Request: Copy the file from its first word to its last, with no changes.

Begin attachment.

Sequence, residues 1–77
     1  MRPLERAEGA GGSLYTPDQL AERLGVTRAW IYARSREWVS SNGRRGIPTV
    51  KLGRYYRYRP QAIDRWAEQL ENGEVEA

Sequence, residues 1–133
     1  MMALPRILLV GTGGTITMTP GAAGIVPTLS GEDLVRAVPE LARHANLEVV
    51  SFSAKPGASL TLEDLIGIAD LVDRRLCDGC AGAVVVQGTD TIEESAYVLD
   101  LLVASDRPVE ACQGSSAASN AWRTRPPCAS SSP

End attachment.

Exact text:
Sequence, residues 1–77
     1  MRPLERAEGA GGSLYTPDQL AERLGVTRAW IYARSREWVS SNGRRGIPTV
    51  KLGRYYRYRP QAIDRWAEQL ENGEVEA

Sequence, residues 1–133
     1  MMALPRILLV GTGGTITMTP GAAGIVPTLS GEDLVRAVPE LARHANLEVV
    51  SFSAKPGASL TLEDLIGIAD LVDRRLCDGC AGAVVVQGTD TIEESAYVLD
   101  LLVASDRPVE ACQGSSAASN AWRTRPPCAS SSP